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Texas Watchdog buys news radio spots to highlight the special interests behind the $8.8 billion bond proposals on the November ballot

Thursday, October 29th, 2015

For immediate release:
October 29, 2015

Contact:
Kevin Glass
[email protected]

Says Texas has the second largest local debt burden in the country

Alexandria, VA – Today, Watchdog.org is running featured news reports in key Texas radio markets to highlight the web of special interest groups behind the bond measure on the November ballot. Texas officials claim that increased spending proposals are necessary for the public schooling system, but Watchdog reports reveal tax dollars are possibly being spent on low-grade construction companies that are helping promote the bond proposal.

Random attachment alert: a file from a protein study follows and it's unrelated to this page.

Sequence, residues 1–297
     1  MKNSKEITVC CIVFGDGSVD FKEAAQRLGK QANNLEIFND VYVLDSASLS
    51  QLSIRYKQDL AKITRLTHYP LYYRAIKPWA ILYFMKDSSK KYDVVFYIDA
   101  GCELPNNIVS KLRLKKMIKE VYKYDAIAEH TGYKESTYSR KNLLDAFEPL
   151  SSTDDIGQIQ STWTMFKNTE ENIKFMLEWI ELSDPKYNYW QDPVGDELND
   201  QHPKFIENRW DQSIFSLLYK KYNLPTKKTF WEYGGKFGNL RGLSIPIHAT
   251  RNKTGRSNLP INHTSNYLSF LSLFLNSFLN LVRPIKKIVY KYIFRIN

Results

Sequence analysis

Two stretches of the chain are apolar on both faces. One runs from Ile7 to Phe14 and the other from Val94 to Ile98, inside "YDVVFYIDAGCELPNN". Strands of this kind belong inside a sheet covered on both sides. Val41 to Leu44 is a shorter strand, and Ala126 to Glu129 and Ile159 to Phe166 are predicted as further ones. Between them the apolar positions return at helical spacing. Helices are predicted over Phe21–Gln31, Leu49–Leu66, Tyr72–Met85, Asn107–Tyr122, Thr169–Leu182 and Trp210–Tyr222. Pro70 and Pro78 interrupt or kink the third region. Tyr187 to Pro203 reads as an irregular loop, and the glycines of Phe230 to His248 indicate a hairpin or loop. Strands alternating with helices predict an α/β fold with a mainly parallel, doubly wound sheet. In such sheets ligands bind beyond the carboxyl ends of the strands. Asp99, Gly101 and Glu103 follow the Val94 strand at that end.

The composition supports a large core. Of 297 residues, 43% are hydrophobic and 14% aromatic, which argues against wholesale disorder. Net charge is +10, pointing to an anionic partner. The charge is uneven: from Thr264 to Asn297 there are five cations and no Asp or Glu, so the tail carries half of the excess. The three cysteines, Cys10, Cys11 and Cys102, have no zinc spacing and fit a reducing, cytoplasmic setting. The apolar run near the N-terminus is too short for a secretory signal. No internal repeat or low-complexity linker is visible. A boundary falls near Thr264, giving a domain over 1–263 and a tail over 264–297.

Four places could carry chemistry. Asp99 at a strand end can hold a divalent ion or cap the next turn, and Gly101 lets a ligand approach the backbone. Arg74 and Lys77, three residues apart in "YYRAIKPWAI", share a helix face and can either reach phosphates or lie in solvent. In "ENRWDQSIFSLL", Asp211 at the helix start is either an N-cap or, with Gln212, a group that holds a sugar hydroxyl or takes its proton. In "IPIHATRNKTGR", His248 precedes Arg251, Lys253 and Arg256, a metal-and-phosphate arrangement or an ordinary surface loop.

Click here to listen to the Watchdog news report and learn more about the truth behind Texas’s $8.8 billion bond measure.

The featured news report is based off an investigative series by Watchdog.org reporter Jon Cassidy and will be heard in Abilene, Amarillo, Austin, Beaumont, Corpus Christi, Dallas-Fort Worth, El Paso, Houston, Lubbock, Odessa, San Angelo, San Antonio, Shreveport, Tyler, Waco, and Wichita Falls Thursday, October 29th and Friday, October 30th.

“Texas voters deserve to know who is behind a campaign for a “yes” vote on an $8.8 billion bond measure on this year’s ballot,” said Erik Telford, the President of the Franklin Center for Government and Public Integrity, the non-profit organization producingWatchdog.org. “It’s important that Texans be informed about how their tax dollars are being spent. They need to know the facts, and we’re here to help.”